It will soon be one year since the World Health Organization declared COVID-19 a pandemic. Although the world’s biggest vaccine rollout is now underway, organizations are struggling to decide whether to move forward with a virtual event or postpone. Last year, many pushed in-person events back to 2021, and are now realizing this year may be no more conducive to hosting an in-person event.
If the purpose of your event is to build business relationships, it may not be in your company’s best interest to delay making the switch to online any longer. After all, failure to keep doing business through the pandemic may leave you without it on the other side.
Here’s what my team has learned since hosting our very first virtual event last June.
It’s Not a Solo Show
Organizing a virtual event is a team effort. We easily have four to six people working full-time for weeks to prepare for a live production and flawless execution.
Key to the team is our graphic designer. Although the online platforms are user-friendly and we can technically upload colours and images ourselves, the quality of the show is so much greater when working with graphics designed for the platform and custom-made for our client’s brand.
Just as important are our audiovisual (AV) members. The production run sheet requires even further detail as every minute must be accounted for and movement planned, especially when working with a mix of live and pre-recorded content. Our AV partners are now an active part of the virtual management team, not just a subcontractor, as they’re needed leading up to the event in addition to on the day itself.
Speaker management is much more involved than an in-person event as the approach to delivering a memorable presentation and keeping the audience’s attention is very different. To set speakers up for success and ensure the best experience for delegates, dedicated team members work with them to ensure they’re well-prepared and comfortable with the digital format.
Companies participating in a virtual event for the first time also require guidance. This is where our marketing specialists come in. They can coach companies on how to interact and do business in a virtual way, and help them look their best on-screen.
Make Time for Additional Training and Q&A
Exhibitors and sponsors do not always read directions in user guides, so providing demo and training videos is helpful. However, even then, you’ll need staff who are readily available to answer their questions and talk them through the process over the phone.
Most clients have not hosted a virtual event before, so you’ll need to show examples, share explanations and present suitable options. This also makes the intake meeting extra important, during which we review up to 180 critical path elements.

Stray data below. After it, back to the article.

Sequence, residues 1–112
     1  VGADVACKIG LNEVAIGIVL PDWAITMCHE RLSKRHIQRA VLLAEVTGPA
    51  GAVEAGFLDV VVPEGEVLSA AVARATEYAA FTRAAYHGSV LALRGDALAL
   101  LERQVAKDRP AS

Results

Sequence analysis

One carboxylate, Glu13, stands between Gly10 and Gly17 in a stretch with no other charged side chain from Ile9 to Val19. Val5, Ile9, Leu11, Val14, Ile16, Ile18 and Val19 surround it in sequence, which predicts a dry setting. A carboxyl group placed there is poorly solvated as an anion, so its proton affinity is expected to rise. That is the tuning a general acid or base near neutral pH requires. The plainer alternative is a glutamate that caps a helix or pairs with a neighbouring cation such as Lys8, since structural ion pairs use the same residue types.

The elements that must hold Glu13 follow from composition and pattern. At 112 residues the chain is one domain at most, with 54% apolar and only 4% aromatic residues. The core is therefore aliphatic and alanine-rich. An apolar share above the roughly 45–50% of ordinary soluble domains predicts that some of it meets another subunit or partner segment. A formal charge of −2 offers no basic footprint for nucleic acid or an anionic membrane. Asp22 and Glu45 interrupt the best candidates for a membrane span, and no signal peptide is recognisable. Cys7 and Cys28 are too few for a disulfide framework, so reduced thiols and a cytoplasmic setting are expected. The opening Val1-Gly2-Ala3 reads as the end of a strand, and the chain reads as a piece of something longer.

Don’t Underestimate the Workload
Planning a virtual event can be just as time-consuming as an in-person one and perhaps even more challenging given the learning curve.
For any given event, there are countless tasks to tackle, including the conference agenda, production run sheet, building and managing the virtual platform, graphic design and creative, marketing and branding, and the list goes on.
Then there are all the unexpected issues you’ll need to troubleshoot. For instance, we’ve learned that relying on speakers to record their own presentations (on time) and transfer them to us is a huge ask. If they are local, we now record them in studio and then edit their presentation.
Stay Organized and Focused
There are so many event collaborators (speakers, exhibitors, sponsors, attendees) and the back-and-forth e-mails between the various parties can be overwhelming. Take control of your inbox and implement a process to collect information in an organized and streamlined manner. This way you won’t be stressed about missing something critical.
It’s also important to stick to deadlines. At a certain point, an unengaged exhibitor can hold up an entire event. Should this occur, it’s best to enforce the deadline, which means cutting some participants off from the event.
Whether big or small, in-person or online, the most important thing to remember when hosting an event is quality matters. Ten months ago, most people were understanding of technical glitches or incompetence in operating a digital platform. The expectation is much higher now. So, while it may be your first virtual event, it’s not your client’s and a subpar experience won’t cut it.
Sara Robinson is president of Host Event and Association Management. Based in New Brunswick, Sara and her staff plan and manage corporate events, meetings and conferences worldwide, and have recently developed their expertise in virtual events. She has 25 years’ experience in the hospitality and events industry, and currently sits on the board of directors for the Friends of the Moncton Hospital. Sara can be reached at email@example.com.